Community helps shape concepts for Verdugo Park overhaul
About 40 community members helped shape the future of Glendale’s Verdugo Park during the final public meeting before the Community Services and Parks Department brings three concept proposals to City Council for feedback.
Landscape architect and consultant David Volz led the presentation and discussion at the Glendale Civic Auditorium Monday to incorporate the last round of community feedback to proposed changes, which include an ADA all-inclusive playground, a new granite pathway as well as community rooms and restrooms at Verdugo Park.
The renovation project carries an estimated $3.8-million price tag with construction slated to start by December and will take about one year to complete. City Council members approved the all-inclusive park project last year to replace the existing six-year-old playground. City officials held one other meeting in June to help shape what was presented Monday.
Each of the three proposals maintains the staging area site for the city’s maintenance workers, which Koko Panossian, deputy director with the city’s Community Services and Parks Department, said would be too cumbersome to relocate.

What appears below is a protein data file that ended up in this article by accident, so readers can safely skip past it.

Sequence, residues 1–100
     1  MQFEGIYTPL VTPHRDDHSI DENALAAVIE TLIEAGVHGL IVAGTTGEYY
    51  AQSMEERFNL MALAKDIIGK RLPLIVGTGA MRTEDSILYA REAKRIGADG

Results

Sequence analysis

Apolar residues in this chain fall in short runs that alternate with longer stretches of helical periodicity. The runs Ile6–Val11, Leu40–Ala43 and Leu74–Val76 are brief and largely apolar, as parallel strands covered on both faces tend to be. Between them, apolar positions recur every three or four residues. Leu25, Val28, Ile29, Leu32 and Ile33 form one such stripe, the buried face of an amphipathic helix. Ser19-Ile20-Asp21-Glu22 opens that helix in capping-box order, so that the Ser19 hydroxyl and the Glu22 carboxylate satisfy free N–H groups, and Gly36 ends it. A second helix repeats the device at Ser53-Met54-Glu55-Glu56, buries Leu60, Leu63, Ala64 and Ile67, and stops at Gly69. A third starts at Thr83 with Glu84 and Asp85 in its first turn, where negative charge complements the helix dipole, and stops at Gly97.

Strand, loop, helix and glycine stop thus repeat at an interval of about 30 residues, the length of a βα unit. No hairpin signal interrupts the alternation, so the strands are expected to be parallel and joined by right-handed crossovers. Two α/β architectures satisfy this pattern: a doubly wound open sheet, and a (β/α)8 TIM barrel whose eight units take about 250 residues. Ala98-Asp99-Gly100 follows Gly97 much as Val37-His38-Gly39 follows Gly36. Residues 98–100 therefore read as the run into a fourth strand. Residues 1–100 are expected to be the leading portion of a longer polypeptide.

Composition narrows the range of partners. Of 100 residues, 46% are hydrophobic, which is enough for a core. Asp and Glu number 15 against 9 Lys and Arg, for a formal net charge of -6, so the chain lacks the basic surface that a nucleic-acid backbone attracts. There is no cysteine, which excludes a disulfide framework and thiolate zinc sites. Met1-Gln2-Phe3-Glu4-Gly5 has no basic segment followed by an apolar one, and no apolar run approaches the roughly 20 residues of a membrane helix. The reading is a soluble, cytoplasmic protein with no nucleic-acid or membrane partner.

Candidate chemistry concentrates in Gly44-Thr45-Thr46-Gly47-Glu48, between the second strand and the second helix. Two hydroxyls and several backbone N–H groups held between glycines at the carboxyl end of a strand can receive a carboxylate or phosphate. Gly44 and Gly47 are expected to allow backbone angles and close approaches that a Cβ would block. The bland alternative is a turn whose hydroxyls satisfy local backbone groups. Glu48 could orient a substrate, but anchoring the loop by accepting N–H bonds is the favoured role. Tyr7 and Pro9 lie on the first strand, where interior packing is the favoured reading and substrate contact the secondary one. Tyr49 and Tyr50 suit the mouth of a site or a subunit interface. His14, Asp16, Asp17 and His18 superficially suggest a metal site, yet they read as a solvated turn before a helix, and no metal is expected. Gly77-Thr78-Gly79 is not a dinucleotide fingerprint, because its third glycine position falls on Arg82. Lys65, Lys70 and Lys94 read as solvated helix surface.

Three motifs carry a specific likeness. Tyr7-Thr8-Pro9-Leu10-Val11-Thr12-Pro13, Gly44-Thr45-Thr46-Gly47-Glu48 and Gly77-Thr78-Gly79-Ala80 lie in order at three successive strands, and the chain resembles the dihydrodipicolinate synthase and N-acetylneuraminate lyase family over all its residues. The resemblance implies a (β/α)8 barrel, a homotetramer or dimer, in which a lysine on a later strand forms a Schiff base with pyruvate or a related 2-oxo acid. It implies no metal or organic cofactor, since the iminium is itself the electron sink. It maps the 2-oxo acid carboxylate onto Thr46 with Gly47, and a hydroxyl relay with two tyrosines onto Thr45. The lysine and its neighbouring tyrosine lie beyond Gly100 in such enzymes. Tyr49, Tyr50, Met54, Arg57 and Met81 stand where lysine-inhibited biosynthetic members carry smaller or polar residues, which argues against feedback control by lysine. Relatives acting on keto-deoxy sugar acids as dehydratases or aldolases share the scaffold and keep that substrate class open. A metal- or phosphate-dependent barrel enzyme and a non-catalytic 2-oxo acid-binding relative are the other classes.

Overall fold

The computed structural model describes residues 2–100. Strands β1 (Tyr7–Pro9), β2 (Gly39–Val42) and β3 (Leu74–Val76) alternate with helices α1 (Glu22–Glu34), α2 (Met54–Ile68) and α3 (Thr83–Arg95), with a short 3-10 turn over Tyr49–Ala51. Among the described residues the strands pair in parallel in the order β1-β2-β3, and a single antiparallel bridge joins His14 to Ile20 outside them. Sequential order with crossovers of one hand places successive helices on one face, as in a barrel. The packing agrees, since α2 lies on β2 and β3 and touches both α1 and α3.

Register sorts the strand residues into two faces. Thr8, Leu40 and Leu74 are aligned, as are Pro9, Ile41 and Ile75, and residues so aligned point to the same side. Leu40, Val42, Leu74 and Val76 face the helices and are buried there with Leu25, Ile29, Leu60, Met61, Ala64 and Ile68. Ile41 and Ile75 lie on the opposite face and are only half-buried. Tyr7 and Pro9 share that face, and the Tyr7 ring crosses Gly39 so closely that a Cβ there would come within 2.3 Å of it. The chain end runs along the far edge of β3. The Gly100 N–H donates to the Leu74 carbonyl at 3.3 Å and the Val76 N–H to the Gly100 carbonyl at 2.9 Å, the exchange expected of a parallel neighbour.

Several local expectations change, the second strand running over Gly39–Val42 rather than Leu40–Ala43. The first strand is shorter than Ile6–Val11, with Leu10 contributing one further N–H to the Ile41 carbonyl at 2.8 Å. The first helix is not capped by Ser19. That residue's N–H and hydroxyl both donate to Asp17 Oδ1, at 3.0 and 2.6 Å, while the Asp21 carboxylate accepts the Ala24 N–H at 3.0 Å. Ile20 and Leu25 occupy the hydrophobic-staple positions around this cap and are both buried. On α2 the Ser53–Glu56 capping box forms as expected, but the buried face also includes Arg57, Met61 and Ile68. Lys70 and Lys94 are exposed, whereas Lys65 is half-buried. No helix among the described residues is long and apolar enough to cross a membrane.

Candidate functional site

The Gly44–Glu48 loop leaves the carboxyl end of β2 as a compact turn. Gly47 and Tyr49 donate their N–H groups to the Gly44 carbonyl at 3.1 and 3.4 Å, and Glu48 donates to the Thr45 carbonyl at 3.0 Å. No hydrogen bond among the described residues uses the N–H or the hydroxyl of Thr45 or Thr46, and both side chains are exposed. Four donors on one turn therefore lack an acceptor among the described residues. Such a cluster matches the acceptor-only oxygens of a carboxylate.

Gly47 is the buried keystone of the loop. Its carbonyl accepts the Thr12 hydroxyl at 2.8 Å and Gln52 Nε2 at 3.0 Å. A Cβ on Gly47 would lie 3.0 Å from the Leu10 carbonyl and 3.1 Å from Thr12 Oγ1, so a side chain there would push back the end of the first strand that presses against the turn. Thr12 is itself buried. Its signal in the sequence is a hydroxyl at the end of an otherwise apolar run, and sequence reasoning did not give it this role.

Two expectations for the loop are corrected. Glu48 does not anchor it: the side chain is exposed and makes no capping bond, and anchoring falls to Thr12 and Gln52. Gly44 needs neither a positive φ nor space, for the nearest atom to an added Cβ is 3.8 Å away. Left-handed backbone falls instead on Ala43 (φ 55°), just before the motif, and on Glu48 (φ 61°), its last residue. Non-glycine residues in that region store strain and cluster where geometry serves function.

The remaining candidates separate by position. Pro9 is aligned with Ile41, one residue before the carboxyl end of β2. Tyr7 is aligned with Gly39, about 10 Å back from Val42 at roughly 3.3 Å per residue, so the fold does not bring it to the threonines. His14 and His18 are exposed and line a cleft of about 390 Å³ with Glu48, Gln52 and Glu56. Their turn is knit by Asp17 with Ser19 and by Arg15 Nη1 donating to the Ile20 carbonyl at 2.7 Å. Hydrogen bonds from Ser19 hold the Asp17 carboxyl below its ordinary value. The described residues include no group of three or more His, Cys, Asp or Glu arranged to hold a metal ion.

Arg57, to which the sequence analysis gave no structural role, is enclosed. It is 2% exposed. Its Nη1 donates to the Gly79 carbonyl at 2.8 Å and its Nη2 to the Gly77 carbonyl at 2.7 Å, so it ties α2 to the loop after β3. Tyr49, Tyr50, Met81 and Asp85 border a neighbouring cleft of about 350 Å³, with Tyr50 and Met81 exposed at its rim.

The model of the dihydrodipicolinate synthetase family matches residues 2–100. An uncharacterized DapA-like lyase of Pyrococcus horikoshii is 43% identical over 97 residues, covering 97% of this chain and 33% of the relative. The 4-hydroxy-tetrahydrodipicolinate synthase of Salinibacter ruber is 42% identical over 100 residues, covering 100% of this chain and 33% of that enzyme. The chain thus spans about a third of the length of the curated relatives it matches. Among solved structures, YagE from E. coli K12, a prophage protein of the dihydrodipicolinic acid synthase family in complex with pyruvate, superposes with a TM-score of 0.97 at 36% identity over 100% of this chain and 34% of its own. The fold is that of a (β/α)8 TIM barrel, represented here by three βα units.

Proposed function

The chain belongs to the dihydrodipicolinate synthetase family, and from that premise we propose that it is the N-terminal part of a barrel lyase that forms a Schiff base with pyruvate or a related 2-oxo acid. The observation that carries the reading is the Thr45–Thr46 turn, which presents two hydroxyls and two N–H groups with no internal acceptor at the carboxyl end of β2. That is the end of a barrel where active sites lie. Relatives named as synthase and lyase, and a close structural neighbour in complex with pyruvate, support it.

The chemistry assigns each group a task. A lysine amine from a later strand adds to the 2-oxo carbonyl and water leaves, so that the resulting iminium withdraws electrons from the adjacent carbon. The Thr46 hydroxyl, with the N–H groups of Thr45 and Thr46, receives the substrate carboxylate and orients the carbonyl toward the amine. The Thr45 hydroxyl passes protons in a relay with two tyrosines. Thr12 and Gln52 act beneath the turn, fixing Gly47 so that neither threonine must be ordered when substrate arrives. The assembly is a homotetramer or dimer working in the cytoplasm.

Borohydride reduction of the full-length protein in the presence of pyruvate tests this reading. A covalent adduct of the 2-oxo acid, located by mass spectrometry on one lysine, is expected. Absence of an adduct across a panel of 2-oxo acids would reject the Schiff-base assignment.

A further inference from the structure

Many liked that Concept A’s central parking location provided easier park access for those with disabilities, but overall preferred the lot to be located near the maintenance yard and away from the main park area as designed in Concepts B and C.
All three concepts will incorporate the same scope of work — the playground, parking, pathway and restrooms — but each deviates in the location of parking, the park entrance and main vehicle path. They all, however, propose to reduce the amount of turf by about an acre.
According to Onnig Bulanikian, director of community services and parks, community consensus went between concepts A and B, which do away with concept C’s vehicle path that runs through the park and out to Colina Drive and a community room.
There was some back and forth on the need for new exercise equipment, with some residents saying it is not used often. However, city officials countered that it is, in fact, used, and exercise equipment is a trend in parks nationwide.
There is a segment of the park portioned out as a potential site for a historic village — where important Glendale homes that need to be relocated could be moved — but many in attendance preferred to leave the space open.
Some also worried about how the project would affect the number of trees in the park, with Volz confirming that concepts A and B will remove 23 trees but each will be replaced. Concept C would remove 31. Seventeen of the trees expected to be removed would be redwoods.
Regarding parking, a few residents said they were worried that any extra parking spaces would become an overflow for Glendale Community College students. Bulanikian said the spaces would be clearly marked for park use and a good portion would be set aside for handicap accessibility.